How to Use Water Wisely in the Garden

How to Use Water Wisely in the Garden

Water is one of our most precious resources, and as summers get hotter and drier, we need to use water wisely in our gardens. These simple tips will help you give your plants the water they need with as little waste as possible.

Save Water by Improving Your Soil

One of the best ways to use water effectively in the garden is to improve your soil by adding organic material, like well-rotted farmyard manure, leaf mould, or compost. This improves the soil structure, helping light soils hold on to moisture and need less watering. It also helps heavy clay soils to drain better.  

Mulching soil helps to stop moisture from evaporating. It’s best to do this in spring when the soil is still damp from the winter rains. Compost and bark chippings make good mulches. Apply a thick layer of mulch, at least 5 cm (2 in). 

How to Water Effectively

  • Water in the early morning or the evening, so the water doesn’t evaporate in the heat of the sun before it has a chance to reach the plants’ roots.
  • Give newly planted shrubs and trees a good soak every few days. This encourages the roots to grow deep into the soil, making the plants more resilient in times of drought. Avoid watering little and often, as this tends just to wet the soil's surface, encouraging plant roots to stay shallow.
  • Drip irrigation systems are more efficient at watering than sprinklers, getting water directly to the plants’ roots. 
  • A tip when growing thirsty vegetables like courgettes is to create a reservoir next to each plant. Cut a plastic bottle in half, remove the cap and bury the top half of the bottle upside down next to the plant. When watering, fill the bottle, and the water will soak out into the soil right next to the plants’ roots.
  • Add water-retaining gel to potting compost in hanging baskets and containers. 
  • Install a rainwater butt connected to a downpipe to collect the rainwater that runs off your roof, and use this to water your plants.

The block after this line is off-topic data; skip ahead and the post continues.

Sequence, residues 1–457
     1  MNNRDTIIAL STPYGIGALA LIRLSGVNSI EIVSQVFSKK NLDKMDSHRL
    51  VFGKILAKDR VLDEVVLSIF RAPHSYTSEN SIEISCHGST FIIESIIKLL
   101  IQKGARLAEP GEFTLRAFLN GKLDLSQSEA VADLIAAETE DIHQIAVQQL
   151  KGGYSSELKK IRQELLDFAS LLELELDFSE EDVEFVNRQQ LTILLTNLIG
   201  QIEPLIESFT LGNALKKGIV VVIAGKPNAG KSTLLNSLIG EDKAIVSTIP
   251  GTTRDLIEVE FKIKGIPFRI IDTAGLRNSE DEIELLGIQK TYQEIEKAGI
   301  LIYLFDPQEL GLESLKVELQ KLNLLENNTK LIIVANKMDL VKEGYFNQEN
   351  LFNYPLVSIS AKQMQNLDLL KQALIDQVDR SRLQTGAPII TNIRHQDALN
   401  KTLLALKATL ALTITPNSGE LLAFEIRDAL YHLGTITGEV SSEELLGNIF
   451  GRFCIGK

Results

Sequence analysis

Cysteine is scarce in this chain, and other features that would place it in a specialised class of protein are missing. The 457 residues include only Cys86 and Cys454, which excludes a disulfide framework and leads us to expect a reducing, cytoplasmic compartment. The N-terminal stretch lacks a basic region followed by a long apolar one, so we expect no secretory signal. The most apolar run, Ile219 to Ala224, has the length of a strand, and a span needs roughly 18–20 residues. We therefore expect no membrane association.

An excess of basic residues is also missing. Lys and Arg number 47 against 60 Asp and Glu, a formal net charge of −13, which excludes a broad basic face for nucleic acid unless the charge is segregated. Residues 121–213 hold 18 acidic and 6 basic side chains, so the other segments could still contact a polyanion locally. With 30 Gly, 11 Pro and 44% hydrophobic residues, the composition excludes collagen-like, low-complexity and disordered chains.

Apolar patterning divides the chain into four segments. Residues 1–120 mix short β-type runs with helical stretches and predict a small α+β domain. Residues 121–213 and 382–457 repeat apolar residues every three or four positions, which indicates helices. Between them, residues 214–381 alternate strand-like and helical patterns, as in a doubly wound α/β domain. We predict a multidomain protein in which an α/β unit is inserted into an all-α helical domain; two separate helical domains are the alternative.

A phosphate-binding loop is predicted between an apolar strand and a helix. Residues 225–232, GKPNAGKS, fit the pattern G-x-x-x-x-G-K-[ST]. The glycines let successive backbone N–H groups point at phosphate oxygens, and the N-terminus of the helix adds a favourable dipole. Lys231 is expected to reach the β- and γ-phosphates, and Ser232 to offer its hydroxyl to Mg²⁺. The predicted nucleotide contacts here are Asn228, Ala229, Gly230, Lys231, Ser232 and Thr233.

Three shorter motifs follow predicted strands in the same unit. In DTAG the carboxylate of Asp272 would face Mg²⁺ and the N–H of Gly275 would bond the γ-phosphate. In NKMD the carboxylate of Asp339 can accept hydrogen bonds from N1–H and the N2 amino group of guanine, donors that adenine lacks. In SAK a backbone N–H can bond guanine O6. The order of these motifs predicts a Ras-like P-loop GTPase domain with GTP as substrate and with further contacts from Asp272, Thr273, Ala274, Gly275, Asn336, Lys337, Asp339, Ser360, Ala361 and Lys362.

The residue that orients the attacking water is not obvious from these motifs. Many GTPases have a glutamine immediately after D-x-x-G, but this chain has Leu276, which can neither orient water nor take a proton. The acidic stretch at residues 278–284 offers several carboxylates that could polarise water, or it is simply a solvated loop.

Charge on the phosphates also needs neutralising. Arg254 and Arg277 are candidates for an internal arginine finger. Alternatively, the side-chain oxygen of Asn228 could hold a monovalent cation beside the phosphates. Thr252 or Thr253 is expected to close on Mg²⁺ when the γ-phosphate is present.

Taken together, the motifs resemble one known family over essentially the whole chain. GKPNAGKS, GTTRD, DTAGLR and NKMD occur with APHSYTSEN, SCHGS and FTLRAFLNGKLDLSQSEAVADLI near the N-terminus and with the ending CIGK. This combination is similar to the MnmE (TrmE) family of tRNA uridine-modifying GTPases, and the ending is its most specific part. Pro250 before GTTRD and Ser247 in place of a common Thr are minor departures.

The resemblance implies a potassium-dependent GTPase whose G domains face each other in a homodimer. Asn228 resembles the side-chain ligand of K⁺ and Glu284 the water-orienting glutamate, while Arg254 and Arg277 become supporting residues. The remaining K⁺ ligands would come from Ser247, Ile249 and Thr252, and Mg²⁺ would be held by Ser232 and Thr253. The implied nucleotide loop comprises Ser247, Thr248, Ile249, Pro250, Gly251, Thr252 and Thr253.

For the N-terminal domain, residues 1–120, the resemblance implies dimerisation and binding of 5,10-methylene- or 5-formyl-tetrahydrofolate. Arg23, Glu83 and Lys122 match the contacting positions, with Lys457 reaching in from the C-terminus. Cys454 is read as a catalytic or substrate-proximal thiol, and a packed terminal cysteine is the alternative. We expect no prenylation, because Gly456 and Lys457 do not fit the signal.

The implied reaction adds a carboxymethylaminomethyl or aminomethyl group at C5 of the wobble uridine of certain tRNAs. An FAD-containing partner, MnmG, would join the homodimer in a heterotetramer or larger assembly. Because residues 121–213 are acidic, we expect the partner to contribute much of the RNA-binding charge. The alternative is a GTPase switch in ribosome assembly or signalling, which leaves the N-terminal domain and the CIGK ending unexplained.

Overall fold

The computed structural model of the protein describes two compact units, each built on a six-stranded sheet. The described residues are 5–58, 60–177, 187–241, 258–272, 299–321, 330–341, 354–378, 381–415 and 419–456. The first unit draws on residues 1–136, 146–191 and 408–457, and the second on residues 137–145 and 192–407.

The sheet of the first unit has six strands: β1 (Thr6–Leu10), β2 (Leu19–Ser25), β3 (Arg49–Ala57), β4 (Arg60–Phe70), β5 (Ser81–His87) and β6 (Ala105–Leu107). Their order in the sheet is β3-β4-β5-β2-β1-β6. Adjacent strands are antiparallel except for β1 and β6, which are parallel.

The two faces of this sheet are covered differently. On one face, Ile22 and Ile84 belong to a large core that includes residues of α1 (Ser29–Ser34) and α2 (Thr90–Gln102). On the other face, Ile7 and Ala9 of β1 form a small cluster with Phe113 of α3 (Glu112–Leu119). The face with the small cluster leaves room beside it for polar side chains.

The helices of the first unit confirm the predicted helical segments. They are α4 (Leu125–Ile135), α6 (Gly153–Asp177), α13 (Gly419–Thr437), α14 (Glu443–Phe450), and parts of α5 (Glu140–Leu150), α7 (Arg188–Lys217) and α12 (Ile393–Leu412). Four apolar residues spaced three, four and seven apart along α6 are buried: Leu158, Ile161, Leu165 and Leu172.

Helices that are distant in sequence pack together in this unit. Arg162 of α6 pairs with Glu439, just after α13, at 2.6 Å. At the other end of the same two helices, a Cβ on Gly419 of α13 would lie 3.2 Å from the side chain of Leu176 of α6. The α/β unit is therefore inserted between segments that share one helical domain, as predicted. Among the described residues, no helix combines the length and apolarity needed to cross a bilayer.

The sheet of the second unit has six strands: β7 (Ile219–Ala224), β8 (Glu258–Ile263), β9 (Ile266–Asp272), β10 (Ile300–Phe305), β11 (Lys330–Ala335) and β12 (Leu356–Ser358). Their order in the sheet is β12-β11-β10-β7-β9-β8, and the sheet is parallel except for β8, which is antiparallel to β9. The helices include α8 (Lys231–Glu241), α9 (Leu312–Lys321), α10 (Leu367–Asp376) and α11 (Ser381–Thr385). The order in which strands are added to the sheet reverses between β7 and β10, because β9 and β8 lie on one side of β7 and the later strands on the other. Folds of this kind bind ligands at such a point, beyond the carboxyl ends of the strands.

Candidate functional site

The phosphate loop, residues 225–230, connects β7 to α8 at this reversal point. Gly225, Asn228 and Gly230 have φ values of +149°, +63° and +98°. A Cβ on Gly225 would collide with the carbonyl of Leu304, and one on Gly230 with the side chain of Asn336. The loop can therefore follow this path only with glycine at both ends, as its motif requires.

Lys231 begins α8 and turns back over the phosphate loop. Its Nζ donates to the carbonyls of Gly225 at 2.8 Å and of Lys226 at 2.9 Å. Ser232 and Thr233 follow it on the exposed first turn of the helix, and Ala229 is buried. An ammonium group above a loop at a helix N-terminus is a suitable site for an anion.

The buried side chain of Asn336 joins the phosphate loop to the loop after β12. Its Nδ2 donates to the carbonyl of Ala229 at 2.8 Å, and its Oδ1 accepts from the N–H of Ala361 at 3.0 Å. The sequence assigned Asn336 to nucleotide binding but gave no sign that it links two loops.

Drought-Tolerant Plants

Drought-tolerant plants have evolved structures that help them survive periods without water, so planting a few of these in your garden means less time spent watering. 

Plants like thyme and rosemary have small leaves to reduce the amount of water lost through the leaf surface. Stachys byzantina (lambs ears) has leaves covered in tiny hairs, which also reduces water loss. Succulents like sempervivums and sedums have fleshy leaves that can store water for use in dry seasons. 

These drought-resistant plants will look good in any garden:

  • Perovskia (Russian sage)
  • Lavender
  • Hardy geraniums (cranesbills)
  • Nepeta (catmint)
  • Cistus (rockrose)
  • Eryngium (sea holly)
  • Verbascum (mullein)
  • Sedum/Hylotelephium (stonecrop)

Buy Garden Sundries for Water Wisely Gardening

At our garden centre in Paris Ontario, we have all you need to design a water-wise garden. Start planting succulents, install a rain barrel and be prepared for a (hopefully) warm summer. If you’d like to add some drought-tolerant plants to your garden, visit our centre to see our extensive range. We have plants to suit every garden!

You might also be interested in:

Growing Fruit in Pots

You don’t need a big garden to grow your own fruit, just a pot on a sunny patio or balcony. Choose the right plants, follow a few simple steps, and you’ll soon be enjoying delicious harvests of your own fresh-picked fruit. 

How to Grow Sempervivums

Sempervivum means ‘always alive’, and it’s a good description of these attractive and easy-to-grow succulents.

Top 5 Alliums to Grow

Our top 5 Alliums to grow have been picked from the many Allium varieties available for gardeners that are all lovely bulbs and bloom into some of the most wonderful of all spring bulbs.

Wildlife That’s Good for Your Garden

You’re not the only one who enjoys your garden. There’s a whole host of creatures living in it, helping to create a balanced ecosystem. Here are a few to look out for and some tips on encouraging wildlife in your garden.